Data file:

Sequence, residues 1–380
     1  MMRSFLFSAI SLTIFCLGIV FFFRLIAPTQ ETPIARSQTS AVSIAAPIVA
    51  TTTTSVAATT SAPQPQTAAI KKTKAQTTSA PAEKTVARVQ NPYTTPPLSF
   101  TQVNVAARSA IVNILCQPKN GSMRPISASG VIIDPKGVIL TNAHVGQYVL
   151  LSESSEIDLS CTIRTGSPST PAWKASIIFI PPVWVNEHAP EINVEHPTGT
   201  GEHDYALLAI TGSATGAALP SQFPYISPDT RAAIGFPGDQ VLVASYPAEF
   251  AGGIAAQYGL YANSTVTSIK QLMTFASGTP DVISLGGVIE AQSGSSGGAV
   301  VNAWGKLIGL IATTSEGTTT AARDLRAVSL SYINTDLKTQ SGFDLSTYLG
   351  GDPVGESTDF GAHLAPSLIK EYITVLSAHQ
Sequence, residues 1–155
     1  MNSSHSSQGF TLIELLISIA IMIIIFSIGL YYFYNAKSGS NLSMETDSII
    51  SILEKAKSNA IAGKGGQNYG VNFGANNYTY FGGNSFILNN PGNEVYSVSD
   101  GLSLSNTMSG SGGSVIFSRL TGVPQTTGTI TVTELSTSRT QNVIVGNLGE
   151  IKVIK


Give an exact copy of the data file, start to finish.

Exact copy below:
Sequence, residues 1–380
     1  MMRSFLFSAI SLTIFCLGIV FFFRLIAPTQ ETPIARSQTS AVSIAAPIVA
    51  TTTTSVAATT SAPQPQTAAI KKTKAQTTSA PAEKTVARVQ NPYTTPPLSF
   101  TQVNVAARSA IVNILCQPKN GSMRPISASG VIIDPKGVIL TNAHVGQYVL
   151  LSESSEIDLS CTIRTGSPST PAWKASIIFI PPVWVNEHAP EINVEHPTGT
   201  GEHDYALLAI TGSATGAALP SQFPYISPDT RAAIGFPGDQ VLVASYPAEF
   251  AGGIAAQYGL YANSTVTSIK QLMTFASGTP DVISLGGVIE AQSGSSGGAV
   301  VNAWGKLIGL IATTSEGTTT AARDLRAVSL SYINTDLKTQ SGFDLSTYLG
   351  GDPVGESTDF GAHLAPSLIK EYITVLSAHQ
Sequence, residues 1–155
     1  MNSSHSSQGF TLIELLISIA IMIIIFSIGL YYFYNAKSGS NLSMETDSII
    51  SILEKAKSNA IAGKGGQNYG VNFGANNYTY FGGNSFILNN PGNEVYSVSD
   101  GLSLSNTMSG SGGSVIFSRL TGVPQTTGTI TVTELSTSRT QNVIVGNLGE
   151  IKVIK